Tuesday, November 22, 2011

Given the Sack Because of Facebook

We are all too familiar with Facebook – it is a popular platform of unprecedented scale and scope connecting just about everybody and everything. It is the rage because users can gripe, grouch and grumble as well as use it to send and receive updates and information – news, gossip, hearsay, and chat.

And so, I came across this intriguing news story (Webpage http://www.inc.com/news/articles/201109/judge-says-workers-cannot-be-fired-for-facebook-complaints.html, published September 07, 2011) when I was doing research on HRM issues. It is Facebook-related and it concerns how organizations view the conversations we have on this social networking site.

Anyway, in a first-of-its-kind decision, a National Labor Relations Board judge has ruled a New York nonprofit, i.e. Hispanics United of Buffalo – that provides social services to low-income clients – must re-hire five employees who were given their marching orders after complaining about their jobs on Facebook.

It all began on a Saturday morning, October 09, 2010, when one unhappy employee posted a comment to Facebook: "[A co-worker] feels that we don't help our clients enough at HUB. I about had it! My fellow co-workers: how do u feel?"

At 10:19 a.m., five minutes after the first post post, another co-worker posted: "What the f... Try doing my job; I have five programs."

According to documents sighted, a flurry of posts followed with co-workers defending their job performance, but criticizing working conditions, including workload and staffing issues. Within days, the Buffalo director of Hispanics United gave five employees on the thread the boot, alleging that their comments constituted harassment of the employee identified in the initial post. (The director spared her secretary, who also posted on the thread).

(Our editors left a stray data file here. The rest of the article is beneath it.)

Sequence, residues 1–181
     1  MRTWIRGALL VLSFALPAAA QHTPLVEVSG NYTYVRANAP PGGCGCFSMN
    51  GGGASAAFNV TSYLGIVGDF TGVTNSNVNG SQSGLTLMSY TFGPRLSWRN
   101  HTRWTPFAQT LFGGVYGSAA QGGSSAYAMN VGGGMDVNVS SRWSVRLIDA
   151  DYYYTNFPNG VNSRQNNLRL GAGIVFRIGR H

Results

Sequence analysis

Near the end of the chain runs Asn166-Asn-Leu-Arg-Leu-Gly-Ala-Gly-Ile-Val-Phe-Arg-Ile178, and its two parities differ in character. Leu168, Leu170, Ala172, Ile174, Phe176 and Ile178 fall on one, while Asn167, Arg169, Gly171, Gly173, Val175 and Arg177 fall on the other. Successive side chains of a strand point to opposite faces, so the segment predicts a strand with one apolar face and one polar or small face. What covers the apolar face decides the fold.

One of the five decided not to take this termination sitting down and took the complaint to the NLRB regional office. The latter called for a hearing based on the claim that Hispanics United had been "interfering with, restraining, and coercing employees in the exercise of rights" guaranteed by the National Labor Relations Act.

Administrative Law Judge Arthur J Amchan said the employees' off-hours bitching about their working conditions was protected by the National Labor Relations Act – that theirs was a conversation among co-workers about the terms and conditions of employment, and that their conduct did not forfeit their protection under the law.

And so he instructed the nonprofit to reinstate the sacked employees and issue back pay because they were fired illegally. He further ordered Hispanics United to post a notice in Buffalo about employee rights under the Act.

Sure, Hispanics United has the right to appeal the decision to the National Labor Relations Board in Washington. But I am pleased to note that an individual’s right to self-expression is jealously guarded in the said country.

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